Any help is greatly appreciated!


(Graham) #2

Hi @p1r4t3b0y,
Not a solution but if statements and function lookups are expensive in Python. If you can refactor your code to reduce these e.g. by using dictionary lookups or putting more logic into a single function then it should be quicker.
Also consider storing object parameters in a local variable to avoid looking them up multiple times in the same portion of the code.
-ggg


(Steve Baer) #3

You can also use the parallel helper function that I added to ghcomp without using any grasshopper code


(P1r4t3b0y) #4

Thanks @stevebaer, but could kindly take another look at my code above and maybe tell me what the mentioned error is all about or what might be wrong please?

I’m going to try the ghcomp parallel method tomorrow though.


(P1r4t3b0y) #5

Thank you, @Dancergraham! I already know about dictionary lookups, although the implementation in this script might be kinda difficult. It’s mostly about evaluating agent relationships by their ever-changing positions in space. I’ve incorporated the R-tree algorithm from RhinoCommon this afternoon though and the performance boost is immense.
However, I’m still interested in testing it with parallel computing.

What do you mean by “object parameters”? Could you cite an example from my above script for multiple look-ups of the same stuff?


(Graham) #6

Yes I was thinking about this bit where you refer repeatedly to self.velocity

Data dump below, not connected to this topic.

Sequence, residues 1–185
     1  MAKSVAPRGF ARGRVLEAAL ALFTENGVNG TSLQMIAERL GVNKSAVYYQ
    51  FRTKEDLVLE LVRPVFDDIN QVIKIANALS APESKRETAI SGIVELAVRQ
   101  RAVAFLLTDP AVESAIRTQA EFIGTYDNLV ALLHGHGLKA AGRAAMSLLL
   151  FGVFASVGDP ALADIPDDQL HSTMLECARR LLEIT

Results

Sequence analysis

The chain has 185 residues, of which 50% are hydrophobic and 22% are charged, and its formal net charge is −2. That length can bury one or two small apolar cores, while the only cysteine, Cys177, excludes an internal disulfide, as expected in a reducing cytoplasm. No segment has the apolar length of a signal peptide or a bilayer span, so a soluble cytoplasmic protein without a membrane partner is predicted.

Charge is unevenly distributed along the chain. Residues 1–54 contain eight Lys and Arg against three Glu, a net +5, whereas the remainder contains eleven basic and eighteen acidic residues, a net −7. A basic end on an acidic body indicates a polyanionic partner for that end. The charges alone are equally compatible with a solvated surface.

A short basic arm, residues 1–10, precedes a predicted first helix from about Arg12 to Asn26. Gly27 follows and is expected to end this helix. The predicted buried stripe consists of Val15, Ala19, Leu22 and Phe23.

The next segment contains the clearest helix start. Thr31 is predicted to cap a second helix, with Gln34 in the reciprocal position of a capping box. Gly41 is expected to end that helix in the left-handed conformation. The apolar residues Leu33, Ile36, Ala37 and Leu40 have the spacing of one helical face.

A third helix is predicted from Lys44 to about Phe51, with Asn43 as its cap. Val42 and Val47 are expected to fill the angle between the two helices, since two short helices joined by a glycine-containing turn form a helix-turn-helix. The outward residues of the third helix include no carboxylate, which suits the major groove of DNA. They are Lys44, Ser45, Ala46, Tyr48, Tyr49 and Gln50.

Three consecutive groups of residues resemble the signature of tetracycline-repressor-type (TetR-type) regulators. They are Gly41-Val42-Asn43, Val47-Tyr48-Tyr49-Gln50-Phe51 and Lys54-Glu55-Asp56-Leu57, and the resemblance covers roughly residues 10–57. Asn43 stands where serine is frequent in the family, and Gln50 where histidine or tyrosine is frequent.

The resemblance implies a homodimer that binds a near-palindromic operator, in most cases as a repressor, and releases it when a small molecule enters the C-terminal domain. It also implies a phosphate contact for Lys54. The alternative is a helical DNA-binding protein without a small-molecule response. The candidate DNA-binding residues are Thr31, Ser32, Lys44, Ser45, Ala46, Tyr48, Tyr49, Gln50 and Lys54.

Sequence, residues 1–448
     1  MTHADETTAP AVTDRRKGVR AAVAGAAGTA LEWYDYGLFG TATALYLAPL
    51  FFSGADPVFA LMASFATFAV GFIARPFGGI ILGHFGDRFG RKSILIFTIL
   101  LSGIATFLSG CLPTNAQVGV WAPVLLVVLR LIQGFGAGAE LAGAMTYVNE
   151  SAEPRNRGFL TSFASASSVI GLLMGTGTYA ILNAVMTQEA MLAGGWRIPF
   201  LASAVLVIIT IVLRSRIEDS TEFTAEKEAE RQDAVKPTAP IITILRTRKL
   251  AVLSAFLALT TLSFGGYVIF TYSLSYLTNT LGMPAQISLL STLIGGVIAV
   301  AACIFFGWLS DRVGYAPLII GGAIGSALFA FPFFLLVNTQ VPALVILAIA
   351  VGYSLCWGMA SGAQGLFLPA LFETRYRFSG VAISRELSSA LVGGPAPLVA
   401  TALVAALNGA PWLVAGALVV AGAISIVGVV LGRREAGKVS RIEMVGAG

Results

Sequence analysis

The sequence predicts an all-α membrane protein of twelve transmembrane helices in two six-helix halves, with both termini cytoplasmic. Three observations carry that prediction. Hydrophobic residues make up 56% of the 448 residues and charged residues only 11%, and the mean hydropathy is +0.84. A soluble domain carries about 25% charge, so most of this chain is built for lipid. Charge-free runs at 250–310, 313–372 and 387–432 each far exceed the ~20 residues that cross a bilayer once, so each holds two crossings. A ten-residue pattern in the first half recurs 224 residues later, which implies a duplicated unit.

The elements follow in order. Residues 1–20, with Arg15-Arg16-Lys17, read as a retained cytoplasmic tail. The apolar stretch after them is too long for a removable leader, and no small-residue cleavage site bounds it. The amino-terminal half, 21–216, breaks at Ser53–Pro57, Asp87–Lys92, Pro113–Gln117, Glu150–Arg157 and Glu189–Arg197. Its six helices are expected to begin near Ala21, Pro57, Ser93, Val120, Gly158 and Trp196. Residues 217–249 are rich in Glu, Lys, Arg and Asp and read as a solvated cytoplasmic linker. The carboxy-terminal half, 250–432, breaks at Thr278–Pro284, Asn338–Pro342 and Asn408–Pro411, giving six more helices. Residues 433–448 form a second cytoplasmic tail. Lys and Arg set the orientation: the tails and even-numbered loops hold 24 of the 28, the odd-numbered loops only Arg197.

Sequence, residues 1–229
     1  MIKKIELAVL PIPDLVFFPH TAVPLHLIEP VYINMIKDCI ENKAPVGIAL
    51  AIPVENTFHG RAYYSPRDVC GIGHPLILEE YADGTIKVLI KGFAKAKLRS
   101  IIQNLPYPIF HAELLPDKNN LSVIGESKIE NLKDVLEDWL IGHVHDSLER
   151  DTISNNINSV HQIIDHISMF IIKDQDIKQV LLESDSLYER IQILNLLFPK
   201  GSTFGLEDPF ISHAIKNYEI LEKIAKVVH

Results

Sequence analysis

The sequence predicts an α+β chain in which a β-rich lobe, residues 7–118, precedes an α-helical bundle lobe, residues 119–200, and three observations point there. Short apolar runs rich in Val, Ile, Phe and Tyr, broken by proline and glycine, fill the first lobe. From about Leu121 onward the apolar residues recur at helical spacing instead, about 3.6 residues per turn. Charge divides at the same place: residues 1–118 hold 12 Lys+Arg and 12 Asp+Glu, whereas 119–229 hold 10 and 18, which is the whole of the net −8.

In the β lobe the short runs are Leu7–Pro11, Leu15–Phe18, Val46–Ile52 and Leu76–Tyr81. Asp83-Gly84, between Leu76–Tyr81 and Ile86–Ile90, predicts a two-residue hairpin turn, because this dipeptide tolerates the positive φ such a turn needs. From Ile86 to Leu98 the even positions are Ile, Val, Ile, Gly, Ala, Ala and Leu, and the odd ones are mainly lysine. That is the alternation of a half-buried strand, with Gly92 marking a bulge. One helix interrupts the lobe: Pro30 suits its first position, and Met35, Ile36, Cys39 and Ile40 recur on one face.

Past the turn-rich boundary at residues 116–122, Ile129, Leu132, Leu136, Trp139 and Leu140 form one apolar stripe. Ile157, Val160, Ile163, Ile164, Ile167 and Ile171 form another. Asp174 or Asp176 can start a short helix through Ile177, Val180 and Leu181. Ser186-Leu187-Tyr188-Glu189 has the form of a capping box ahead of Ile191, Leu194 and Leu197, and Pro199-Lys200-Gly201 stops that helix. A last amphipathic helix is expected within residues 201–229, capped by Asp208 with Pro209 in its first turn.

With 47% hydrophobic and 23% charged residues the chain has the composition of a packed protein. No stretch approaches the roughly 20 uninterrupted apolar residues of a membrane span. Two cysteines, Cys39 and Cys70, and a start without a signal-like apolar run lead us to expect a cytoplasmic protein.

(Graham) #7

Good to know… yes i was thinking that might be suitable but I’ve never tried… nested 3D hash tables?


(P1r4t3b0y) #8

That was quick, thanks! :slight_smile:
So would it be better to store self.velocity into a local variable and use that variable multiple times inside the method?

Let me know, if you want to know, how to implement the R-tree algorithm in GHPython!


(Graham) #9

Maybe… rereading your code it may just be a dict lookup anyway so no advantage


(Steve Baer) #10

The syntax for getting Parallel.For to work in IronPython is really hard to get right as this is a generic method in .NET. This is why I wrote the ghcomp.parallel helper function. If you look at my initial blog sample, I’m only dealing with an iterable list of integers and a function that takes an integer as input. Other forms are very hard to get right.


(P1r4t3b0y) #11

OK, thanks for clearing that up. I didn’t have time to implement the ghcomp.parallel today, but I’m going to look into it tomorrow.
The integration of R-tree already provided a huge performance boost. Am I correct that it doesn’t work with multithreading yet? I remember someone having mentioned that a while back still on the previous webpage.


(Graham) #12

In case you missed it: